The gameplay features 3 main phases.
This involves doing deals with the various corporations to acquire parts and upgrades for your OKE's (OverKill Engine). You can also ally yourself with one company who will then spy for you and report back on what purchcases the enemy has made with the other players in the market.
This is the nuts and bolts of the game. To build a functional OKE you must design its hardware and its software. The first choice a player must make in the hardware creation process is that of a body type and style. There are four styles of OKE bodies and three designs in each style to choose from. These styles include a two-legged type, a tank type, a multi-legged type, and a flying type. After a body has been selected the player then must choose a main weapon, sub-weapon, engine, CPU, fuel tank size, armor thickness, and any optional equipment. A paint scheme may also be applied here as well. The engine determines how much power the robot has, the body type determines how much of that power can be used to haul mass, and all other options are limited by this. Thick armor is very heavy and usually only found on the tank types, since they are very efficient at using engine power to haul mass, while the flying type OKE will require powerful engines just to fly with the thinnest armor in the game. Each component in the hardware profile adds a certain amount of complexity to the OKE; more complex OKEs will take longer to build and require more advanced factories to produce.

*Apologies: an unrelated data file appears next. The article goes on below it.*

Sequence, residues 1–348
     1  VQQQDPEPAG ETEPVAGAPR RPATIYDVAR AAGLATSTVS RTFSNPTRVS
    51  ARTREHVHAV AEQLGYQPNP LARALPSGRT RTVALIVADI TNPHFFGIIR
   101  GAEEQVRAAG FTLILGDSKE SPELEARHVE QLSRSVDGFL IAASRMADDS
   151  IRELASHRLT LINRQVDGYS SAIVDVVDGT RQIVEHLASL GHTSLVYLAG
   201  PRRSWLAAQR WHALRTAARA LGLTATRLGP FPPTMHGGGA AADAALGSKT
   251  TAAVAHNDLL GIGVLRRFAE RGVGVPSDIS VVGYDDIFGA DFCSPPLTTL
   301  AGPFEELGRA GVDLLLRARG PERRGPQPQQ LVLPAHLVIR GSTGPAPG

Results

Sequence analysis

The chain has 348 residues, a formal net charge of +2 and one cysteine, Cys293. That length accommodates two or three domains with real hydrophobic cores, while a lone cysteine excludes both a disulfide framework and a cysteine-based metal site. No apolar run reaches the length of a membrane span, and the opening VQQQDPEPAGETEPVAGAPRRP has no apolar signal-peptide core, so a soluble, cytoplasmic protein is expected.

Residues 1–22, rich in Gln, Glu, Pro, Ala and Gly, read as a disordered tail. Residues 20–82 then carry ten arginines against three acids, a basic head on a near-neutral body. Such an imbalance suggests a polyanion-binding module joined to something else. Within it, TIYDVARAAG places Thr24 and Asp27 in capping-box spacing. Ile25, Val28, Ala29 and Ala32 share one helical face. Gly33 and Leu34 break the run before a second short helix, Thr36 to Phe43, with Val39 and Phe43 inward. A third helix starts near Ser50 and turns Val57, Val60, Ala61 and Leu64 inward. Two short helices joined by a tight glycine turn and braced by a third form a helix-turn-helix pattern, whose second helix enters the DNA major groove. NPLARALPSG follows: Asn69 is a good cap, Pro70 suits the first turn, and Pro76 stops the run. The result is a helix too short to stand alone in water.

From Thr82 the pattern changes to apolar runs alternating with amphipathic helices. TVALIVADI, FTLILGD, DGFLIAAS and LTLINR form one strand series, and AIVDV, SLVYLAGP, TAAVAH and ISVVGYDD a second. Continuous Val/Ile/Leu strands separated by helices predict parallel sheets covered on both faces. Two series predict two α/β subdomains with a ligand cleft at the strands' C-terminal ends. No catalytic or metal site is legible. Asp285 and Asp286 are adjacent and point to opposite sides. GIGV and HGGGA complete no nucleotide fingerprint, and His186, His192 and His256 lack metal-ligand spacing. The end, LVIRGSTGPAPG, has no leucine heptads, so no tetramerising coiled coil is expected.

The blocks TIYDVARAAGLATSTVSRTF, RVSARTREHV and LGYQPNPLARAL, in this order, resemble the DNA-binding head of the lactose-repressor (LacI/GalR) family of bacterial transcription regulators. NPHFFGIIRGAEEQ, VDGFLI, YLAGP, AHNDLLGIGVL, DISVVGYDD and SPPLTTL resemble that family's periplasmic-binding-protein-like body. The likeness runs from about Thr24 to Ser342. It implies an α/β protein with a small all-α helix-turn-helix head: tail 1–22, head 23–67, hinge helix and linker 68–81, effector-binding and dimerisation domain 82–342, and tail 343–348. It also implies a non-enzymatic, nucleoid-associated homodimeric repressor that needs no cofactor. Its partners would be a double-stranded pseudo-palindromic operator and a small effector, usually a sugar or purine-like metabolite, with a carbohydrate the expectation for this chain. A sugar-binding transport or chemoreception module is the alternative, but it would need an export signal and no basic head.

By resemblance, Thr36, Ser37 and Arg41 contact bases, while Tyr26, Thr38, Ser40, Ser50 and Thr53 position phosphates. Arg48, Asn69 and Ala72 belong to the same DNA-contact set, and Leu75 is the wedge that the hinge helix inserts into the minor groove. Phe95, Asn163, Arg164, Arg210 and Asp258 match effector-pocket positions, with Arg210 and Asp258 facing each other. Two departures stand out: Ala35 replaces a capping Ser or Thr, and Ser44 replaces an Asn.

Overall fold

The next step is to design the software for the OKE, and in essence this involves creating the AI for the unit from scratch. The player need not have any skill in programming, however, as the game requires no programming in the traditional sense. Instead the player is given a board, which varies in size depending on the CPU selected during the hardware design phase, on which to place chips to act as a set of instructions. These chips must be placed so as to form a flow chart, with control starting from the top-left of the board, following a path through the chips, and looping back to the top left upon leaving the board. Each chip that is available to the player performs a specific task, and many can be edited to allow more precise control over actions.
Small section of a sample OKE "software"
Most of the player's time in the game is spent creating a program and testing it through virtual battle. This is really the heart of the game as using the various presets supplied does not yield the best results in battle. It's only when you dive into the program creation yourself that you can truly appreciate the game as tinkering with various designs and trying different things can yield hours of enjoyment.
Once a player has created OKEs and formed them into units (with a maximum of three OKEs per unit), they may then assign a task to each unit; these include defending or capturing a base, patrolling, or moving to a specific location. When an enemy unit moves into the same space as one of the player's units, combat begins. The combat phase can be a turn off for some players as it requires no player interaction. When your OKE unit encounters another the software you designed takes over and they fight autonomously.
You are allowed to change views and switch between different units but otherwise its strictly hands off. What you should be using this phase for is watching your units for any holes in their defense ,
or to see how they perform against different unit types e.g. a 2-legged OKE you built may eat tanks for breakfast but may struggle against flying types, so you have to adapt its program to deal with those things.